Roll and play Halloween... ThinkFun style!It’s Roll & Play! Kirsten and Josh act out ThinkFun’s first toddler game!
zingo Halloween... ThinkFun style!
Alicia proves once and for all that the Zingo! Zinger is truly irresistible to children!

 

 

 

yackety smack Halloween... ThinkFun style!

Juan gets into character as the Yackety Smack "Hi-YAH!" karate chop!

 

Smatch Halloween... ThinkFun style!

Jodi is stunning as the S'Match Spinner!

Swish Halloween... ThinkFun style!
Greg gets so in-character as Swish he’s nearly transparent!
izzi Halloween... ThinkFun style!

Ashley's got the Izzi color palette just right!

rush hour Halloween... ThinkFun style!

Tania models a Rush Hour-inspired ensemble!

Bagged games1 Halloween... ThinkFun style!

Bill and Andrea get cozy as ThinkFun bagged games!

Pinterest Halloween... ThinkFun style!

I came as a ThinkFun Pinterest board!

 

2013 Halloween... ThinkFun style!

2013 Games Sneak Preview! Nic shows off the awesome superpower of the new Word-A-Round game, while Katie came as Sunny from our upcoming Hello Sunshine toddler game! Watch for these and more great games early 2013!

Team Photo Halloween... ThinkFun style!

Happy Halloween from ThinkFun!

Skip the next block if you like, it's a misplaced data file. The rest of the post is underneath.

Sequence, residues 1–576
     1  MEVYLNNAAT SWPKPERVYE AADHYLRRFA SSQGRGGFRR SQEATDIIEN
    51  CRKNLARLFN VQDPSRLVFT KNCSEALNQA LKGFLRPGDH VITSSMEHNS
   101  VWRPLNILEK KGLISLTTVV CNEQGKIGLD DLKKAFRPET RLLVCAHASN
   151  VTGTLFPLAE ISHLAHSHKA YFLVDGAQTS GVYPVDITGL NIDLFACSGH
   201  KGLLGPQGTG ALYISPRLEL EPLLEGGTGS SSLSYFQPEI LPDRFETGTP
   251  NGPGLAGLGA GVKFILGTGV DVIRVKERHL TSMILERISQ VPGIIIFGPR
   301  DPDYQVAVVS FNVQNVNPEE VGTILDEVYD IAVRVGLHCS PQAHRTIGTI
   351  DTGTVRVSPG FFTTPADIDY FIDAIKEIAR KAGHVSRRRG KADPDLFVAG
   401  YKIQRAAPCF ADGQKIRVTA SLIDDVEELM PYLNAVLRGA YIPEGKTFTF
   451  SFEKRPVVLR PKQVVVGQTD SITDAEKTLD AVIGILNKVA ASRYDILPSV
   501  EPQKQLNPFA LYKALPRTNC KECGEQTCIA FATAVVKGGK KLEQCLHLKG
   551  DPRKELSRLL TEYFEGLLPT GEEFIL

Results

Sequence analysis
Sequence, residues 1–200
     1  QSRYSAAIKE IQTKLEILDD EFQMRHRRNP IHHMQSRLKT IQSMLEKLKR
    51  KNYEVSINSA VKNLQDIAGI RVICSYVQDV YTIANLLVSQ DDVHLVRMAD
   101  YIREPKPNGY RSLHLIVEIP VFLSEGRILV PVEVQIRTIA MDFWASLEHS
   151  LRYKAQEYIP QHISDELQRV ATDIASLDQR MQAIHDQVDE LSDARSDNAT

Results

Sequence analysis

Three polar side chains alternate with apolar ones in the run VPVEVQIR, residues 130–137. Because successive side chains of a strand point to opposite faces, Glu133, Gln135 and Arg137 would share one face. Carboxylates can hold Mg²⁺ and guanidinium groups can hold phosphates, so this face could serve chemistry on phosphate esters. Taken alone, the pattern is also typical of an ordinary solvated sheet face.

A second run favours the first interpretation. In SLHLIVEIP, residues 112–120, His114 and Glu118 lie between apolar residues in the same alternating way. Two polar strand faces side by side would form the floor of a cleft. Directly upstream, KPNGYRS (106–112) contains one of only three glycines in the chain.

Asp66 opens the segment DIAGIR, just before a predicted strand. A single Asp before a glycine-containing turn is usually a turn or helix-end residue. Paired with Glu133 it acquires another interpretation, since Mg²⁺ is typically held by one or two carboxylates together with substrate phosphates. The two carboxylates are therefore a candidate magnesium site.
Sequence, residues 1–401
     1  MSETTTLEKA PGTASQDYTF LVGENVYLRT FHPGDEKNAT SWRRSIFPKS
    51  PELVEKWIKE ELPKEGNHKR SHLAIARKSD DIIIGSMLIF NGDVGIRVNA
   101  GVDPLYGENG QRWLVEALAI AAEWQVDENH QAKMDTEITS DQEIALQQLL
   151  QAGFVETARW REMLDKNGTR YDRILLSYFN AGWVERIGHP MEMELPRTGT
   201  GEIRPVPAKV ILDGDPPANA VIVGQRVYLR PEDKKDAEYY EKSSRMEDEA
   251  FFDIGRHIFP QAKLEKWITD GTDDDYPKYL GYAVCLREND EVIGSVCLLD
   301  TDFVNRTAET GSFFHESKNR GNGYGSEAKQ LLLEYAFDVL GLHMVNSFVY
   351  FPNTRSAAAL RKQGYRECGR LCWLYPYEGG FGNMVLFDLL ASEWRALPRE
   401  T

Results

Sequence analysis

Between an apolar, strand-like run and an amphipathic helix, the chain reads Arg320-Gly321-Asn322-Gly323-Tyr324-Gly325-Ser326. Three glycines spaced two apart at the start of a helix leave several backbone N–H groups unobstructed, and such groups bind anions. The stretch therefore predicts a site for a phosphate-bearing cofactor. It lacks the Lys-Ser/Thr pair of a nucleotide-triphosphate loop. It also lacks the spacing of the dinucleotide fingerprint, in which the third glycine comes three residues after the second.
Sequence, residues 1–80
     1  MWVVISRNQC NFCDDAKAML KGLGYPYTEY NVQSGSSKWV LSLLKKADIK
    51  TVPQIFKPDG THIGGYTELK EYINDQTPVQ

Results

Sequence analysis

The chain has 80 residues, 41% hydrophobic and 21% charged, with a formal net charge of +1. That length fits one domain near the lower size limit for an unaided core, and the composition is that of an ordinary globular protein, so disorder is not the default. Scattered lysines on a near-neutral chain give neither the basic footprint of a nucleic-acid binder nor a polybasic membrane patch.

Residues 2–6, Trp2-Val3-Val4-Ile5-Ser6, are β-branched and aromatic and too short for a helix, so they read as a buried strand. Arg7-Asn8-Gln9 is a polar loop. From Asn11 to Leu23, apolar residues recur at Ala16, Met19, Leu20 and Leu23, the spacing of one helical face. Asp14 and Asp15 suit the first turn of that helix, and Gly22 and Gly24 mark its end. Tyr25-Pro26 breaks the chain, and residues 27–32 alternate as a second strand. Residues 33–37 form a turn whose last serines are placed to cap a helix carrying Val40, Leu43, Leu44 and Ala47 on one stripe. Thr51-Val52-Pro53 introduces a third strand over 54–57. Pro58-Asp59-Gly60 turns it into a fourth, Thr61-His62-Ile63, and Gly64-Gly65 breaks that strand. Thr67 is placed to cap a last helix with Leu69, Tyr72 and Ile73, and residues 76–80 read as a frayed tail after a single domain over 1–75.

Exploring the future of learning at TEDxEdmonton Education

Last week, I had the pleasure of traveling waaaaay up north to be part of the very first TEDxEdmonton Education conference!  In the TED spirit of ideas worth spreading, this conference focused around a conversation on how learning is evolving and impacting our schools, workplaces and industries.TEDxEdmonton logo 300x134 Exploring the future of learning at TEDxEdmonton Education

This fantastic event featured speakers directly from the education world and individuals doing innovative work  in related areas.  TEDxEdmonton Education was designed to kickstart a discussion on learning.  How do we disrupt the status quo and replace traditional approaches to learning? How do we leave the politics of education behind to focus on impact and innovation?  Some incredible conversations emerged!